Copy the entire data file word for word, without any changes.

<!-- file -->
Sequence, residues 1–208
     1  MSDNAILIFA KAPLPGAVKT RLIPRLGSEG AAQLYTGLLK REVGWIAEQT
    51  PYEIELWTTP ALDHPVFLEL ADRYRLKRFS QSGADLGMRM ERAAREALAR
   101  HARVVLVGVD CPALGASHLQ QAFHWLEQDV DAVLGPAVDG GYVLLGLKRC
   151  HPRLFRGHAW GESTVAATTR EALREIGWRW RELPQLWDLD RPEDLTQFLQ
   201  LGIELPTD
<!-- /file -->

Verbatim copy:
Sequence, residues 1–208
     1  MSDNAILIFA KAPLPGAVKT RLIPRLGSEG AAQLYTGLLK REVGWIAEQT
    51  PYEIELWTTP ALDHPVFLEL ADRYRLKRFS QSGADLGMRM ERAAREALAR
   101  HARVVLVGVD CPALGASHLQ QAFHWLEQDV DAVLGPAVDG GYVLLGLKRC
   151  HPRLFRGHAW GESTVAATTR EALREIGWRW RELPQLWDLD RPEDLTQFLQ
   201  LGIELPTD